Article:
Docker is ideally the installation route you want to go. Docker enables us to run SeAT on any platform capable of running docker itself (which includes Windows!). Additionally, upgrades and service maintenance are really low effort as you don't have to care about any dependencies. All of it is maintained within a docker stack and dockerhub.
If you plan on running Docker on Windows, for the best performance it is suggested that you run Docker using the Windows Subsystem for Linux 2 (WSL2) backend, available starting in Windows 10/Windows Server 20H1 (build 2004) releases.
Before starting the installation process, be sure you read this complete document first. It will help you understand all of the steps from an installation process.
If you feel like docker might not be your cup of tea, checkout some of the other getting started guides that are available.
If you are using Docker on Windows, you will need to use the Manual Deployment option below.
Eve Application and ESI
SeAT used CCP's ESI service in order to retrieve EVE Online-related information. Before you can make any authenticated calls to ESI, you have to register a third-party EVE application on the developers portal. This is an absolute must for SeAT to be of any use. The configuration of this step is covered in a later stage of the documentation.
Internal Container Setup Overview¶
The setup for SeAT's docker installation orchestrated using docker-compose. With docker-compose, we can use a single
docker-compose.yml file to define the entire stack complete with all of the dependencies required to run SeAT. A pre-built and recommended compose file (which is also used by the bootstrapping script) is hosted in the seat-docker repository here.
The previously mentioned compose file is really simple. A high-level overview of its contents is:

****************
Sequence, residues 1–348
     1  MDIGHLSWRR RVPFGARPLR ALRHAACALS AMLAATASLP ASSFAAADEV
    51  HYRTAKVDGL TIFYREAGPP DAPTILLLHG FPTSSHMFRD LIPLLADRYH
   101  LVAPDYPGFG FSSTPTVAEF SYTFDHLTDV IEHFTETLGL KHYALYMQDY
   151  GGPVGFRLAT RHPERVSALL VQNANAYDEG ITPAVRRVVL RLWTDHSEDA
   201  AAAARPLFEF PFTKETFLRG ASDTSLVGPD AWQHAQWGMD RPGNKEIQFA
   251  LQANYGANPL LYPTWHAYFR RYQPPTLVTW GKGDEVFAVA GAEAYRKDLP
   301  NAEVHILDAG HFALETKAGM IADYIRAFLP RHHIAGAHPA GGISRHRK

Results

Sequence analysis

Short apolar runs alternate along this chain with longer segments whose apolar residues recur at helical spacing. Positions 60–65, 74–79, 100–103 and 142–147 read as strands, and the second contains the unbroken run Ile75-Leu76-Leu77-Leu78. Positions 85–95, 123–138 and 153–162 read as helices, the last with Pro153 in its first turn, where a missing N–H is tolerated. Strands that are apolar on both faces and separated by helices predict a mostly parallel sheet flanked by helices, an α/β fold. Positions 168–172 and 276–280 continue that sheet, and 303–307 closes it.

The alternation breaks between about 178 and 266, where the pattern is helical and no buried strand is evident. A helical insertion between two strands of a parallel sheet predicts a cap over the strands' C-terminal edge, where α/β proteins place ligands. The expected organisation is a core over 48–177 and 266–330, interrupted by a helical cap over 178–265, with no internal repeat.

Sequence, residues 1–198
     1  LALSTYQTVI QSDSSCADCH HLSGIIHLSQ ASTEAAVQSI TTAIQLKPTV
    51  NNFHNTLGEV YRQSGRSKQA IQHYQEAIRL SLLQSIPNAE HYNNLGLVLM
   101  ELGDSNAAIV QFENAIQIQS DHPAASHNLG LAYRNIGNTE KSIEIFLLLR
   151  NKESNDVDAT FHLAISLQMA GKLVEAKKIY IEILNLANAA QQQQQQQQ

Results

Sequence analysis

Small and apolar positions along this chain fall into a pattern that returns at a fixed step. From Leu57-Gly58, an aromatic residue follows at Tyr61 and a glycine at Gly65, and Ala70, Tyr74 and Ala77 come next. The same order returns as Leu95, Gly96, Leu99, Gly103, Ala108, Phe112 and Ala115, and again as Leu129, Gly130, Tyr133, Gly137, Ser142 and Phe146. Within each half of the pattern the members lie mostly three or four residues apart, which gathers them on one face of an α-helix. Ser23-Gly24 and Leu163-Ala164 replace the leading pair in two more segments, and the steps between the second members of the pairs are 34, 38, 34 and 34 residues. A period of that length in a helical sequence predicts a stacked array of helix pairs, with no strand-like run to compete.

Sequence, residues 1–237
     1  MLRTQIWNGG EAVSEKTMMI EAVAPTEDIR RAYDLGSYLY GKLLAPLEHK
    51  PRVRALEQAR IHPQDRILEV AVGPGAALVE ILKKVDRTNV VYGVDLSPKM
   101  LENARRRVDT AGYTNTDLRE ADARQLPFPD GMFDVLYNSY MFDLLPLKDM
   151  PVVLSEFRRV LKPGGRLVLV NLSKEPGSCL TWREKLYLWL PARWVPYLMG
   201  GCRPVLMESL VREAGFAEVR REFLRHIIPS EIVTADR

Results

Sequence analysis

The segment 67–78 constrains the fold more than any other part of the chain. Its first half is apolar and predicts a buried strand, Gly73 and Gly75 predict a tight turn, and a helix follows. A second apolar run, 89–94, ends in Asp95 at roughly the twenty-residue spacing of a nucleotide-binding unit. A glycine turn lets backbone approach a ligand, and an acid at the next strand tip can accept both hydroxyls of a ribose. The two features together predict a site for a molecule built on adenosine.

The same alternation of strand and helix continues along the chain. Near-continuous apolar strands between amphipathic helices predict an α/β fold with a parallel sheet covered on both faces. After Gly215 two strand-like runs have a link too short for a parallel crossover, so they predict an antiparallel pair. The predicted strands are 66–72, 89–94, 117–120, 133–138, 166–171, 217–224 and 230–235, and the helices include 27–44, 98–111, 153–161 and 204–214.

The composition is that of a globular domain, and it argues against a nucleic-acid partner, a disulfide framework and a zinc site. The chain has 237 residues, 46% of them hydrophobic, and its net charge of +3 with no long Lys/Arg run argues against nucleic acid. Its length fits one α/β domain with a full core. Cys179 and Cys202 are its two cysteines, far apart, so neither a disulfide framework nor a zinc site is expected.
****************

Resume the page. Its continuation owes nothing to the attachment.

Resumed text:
- A single docker network called
seat-networkis defined. All containers are connected to this network and is used as the primary means for inter-container communications.
- A single volume called
mariadb-datais defined. This is the most important volume as it contains all of the database data. This is the one volume that you should configure a backup solution for!
- Six services (or containers) are used within the SeAT docker stack. Three services use basic images pulled directly from Dockerhub and three others use a custom-built image, also hosted on DockerHub. The container images used are:
|Image Name||Image Repository|
- The environment is configured using a top-level
.envfile (not to be confused with the SeAT specific
- Only two ports are exposed by default. Those are
tcp/443. These can be connected to in order to access the SeAT web interface.
- All containers are configured to restart on failure, so if your server reboots or a container dies for whatever reason it should automatically start up again.
SeAT Docker Installation¶
Depending on whether you already have
docker-compose already installed, you may choose how to start the installation. If you already have the required tooling installed and running their latest versions, all you need to do is download the latest
.env files to get started.
Automated Setup Script¶
If you do not have the required software installed yet, consider running the bootstrap script that will check for
docker-compose, install it and start the SeAT stack up for you. The script can be run with: